B.R. 5871, vaa introd1.1ced on 16 March in the Bou.e and referred to the
Committee on Armed Serrtcea. On 8 April the Bou.e eub-cOIIIIDittee in
executin 1e111on unan1mou.ly approTed the proviliou. ot the bill atter
41acuuing 1uch pointl a1 vbether debate on the Bou.e fioor voal.d DOt
bring out clau1t1ed in.tormation, and the authority ot the Director to
!laue rtua. The tul.l. COIIIIDittee approved the b1ll on .. May.
On 13 May the Senate COIIIDi ttee on Armed Serrtcee aet in executive
1e11ion vith tour 1enator1 present vbo vere authorized to 1pe&k tor the
tull eoi!IID1ttee. Certain changes were vorked out aDd a •clean bill,•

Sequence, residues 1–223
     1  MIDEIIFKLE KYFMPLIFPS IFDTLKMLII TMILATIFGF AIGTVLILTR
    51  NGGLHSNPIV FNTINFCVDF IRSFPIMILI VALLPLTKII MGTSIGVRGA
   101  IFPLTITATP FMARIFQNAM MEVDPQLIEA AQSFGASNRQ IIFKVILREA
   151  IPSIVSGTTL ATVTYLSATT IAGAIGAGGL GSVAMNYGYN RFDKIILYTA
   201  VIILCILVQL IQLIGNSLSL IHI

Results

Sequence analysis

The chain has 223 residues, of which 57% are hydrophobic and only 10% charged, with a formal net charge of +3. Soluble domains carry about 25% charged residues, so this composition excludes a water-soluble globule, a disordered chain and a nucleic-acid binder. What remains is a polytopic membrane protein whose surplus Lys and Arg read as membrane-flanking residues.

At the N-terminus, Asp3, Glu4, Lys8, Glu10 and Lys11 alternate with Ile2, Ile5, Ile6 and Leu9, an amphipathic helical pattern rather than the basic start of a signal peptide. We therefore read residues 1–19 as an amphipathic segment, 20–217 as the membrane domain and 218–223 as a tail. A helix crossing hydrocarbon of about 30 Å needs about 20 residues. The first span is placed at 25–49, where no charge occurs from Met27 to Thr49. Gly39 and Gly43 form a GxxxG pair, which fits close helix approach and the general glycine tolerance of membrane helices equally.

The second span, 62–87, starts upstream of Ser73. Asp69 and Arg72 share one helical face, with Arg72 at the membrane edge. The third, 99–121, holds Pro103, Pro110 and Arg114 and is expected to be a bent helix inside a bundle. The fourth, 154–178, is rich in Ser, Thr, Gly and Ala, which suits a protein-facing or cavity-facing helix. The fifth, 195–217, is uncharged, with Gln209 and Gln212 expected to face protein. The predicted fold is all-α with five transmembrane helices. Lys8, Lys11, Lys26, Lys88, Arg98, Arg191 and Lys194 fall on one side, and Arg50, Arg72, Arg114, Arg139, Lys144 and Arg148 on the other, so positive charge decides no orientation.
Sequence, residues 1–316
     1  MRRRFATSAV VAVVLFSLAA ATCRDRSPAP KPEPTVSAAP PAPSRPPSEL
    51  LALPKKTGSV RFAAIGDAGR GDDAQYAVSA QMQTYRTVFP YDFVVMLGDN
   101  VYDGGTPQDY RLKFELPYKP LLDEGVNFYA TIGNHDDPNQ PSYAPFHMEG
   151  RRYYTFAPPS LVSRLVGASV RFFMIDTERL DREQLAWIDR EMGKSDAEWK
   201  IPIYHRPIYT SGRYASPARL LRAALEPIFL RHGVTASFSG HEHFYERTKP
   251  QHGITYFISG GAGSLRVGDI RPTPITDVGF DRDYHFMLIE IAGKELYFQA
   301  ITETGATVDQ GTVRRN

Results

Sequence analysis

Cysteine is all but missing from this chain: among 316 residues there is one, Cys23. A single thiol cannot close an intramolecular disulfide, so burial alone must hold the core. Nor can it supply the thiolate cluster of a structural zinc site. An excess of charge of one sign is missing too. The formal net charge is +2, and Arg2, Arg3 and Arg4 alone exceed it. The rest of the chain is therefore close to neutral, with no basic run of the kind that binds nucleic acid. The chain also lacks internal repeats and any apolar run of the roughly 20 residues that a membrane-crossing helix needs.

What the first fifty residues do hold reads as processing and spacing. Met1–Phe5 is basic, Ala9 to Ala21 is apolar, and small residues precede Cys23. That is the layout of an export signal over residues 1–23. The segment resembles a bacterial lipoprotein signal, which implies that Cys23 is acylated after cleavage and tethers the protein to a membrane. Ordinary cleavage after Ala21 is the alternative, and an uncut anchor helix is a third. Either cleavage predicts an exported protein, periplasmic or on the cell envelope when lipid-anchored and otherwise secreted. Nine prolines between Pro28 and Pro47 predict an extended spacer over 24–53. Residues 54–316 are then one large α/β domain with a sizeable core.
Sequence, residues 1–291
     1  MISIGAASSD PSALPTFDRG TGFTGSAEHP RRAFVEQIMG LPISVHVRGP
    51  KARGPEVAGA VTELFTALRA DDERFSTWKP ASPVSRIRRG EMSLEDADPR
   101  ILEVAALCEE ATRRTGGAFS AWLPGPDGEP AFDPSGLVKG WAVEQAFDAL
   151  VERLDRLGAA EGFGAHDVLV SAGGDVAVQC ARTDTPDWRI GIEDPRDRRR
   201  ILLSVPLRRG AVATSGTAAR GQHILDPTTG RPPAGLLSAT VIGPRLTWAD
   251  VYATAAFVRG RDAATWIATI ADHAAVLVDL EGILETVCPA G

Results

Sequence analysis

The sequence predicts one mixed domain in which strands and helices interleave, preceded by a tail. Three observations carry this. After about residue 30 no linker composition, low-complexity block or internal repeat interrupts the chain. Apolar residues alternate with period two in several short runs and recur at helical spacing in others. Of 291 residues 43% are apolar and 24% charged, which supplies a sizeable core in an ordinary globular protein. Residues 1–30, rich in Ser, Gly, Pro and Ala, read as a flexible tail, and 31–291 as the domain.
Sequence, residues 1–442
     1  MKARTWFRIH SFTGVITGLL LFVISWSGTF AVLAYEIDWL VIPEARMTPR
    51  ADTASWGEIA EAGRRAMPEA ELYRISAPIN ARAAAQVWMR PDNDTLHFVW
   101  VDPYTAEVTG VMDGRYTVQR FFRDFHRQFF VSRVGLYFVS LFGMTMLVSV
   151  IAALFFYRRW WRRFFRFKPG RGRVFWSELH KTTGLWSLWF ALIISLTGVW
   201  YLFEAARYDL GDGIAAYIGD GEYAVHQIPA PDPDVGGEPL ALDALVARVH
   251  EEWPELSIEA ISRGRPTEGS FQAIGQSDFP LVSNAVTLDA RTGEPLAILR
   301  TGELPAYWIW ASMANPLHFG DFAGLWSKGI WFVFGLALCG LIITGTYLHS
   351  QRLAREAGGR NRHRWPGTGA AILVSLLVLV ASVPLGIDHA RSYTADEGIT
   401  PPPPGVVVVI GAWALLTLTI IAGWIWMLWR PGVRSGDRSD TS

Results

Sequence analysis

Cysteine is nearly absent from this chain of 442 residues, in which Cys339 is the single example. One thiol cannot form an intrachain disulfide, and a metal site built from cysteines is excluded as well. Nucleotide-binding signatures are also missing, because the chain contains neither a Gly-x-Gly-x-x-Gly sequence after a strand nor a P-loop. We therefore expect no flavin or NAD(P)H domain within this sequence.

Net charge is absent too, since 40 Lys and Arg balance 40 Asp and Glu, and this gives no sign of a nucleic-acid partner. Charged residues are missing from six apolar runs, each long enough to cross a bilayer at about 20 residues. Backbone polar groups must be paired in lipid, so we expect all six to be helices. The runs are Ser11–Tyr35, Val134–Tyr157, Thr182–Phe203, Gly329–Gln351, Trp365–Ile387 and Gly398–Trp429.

5.2688 vaa introduced on 17 May.
The nev Senate Bill dittered from the Bou.e nrlion (B.R. 5871) in
the tolloving pa.rticular•: (l) Section 6(a) ot the Senate Bill rea.d:
•Trau.ter to aDd receiTe trom other Gonrnment a&•nciu euch IUIDI a1 may
have been approTed by the Bureau or the Budget aDd appropriated ••• "
(2) Section 7(a)(l) ot the Senate Bill included the phra .. •penonal
1errlce1 vi thout regard to lUii tat1on1 on type I ot per1ona to be employed"
inatead or the phrue •employment ot aliena• becau.e the Committee thought,
tor reaaona ot 1ecurity, that the vord •aliena• 1hould DOt appear in the
lav although it VAl the intent of the Commit tee that CIA employ aliena
vbere neceuary. ( 3) Section 7(b) vbich formerly read •or 1um1 Dade
available to the Agency 1uch amount• a1 may be appropriated by the Bureau
ot the Budget may be expended • • • • vaa amended to reads "the 1uma !lAde
available to the Agency u.y be expended • • • ·· ."
Senate Report 1302 accompanying the bill 1tatea on page 3: ". • • aDd
that euch fundi aay be expended vithout regard to the prov111on• of lav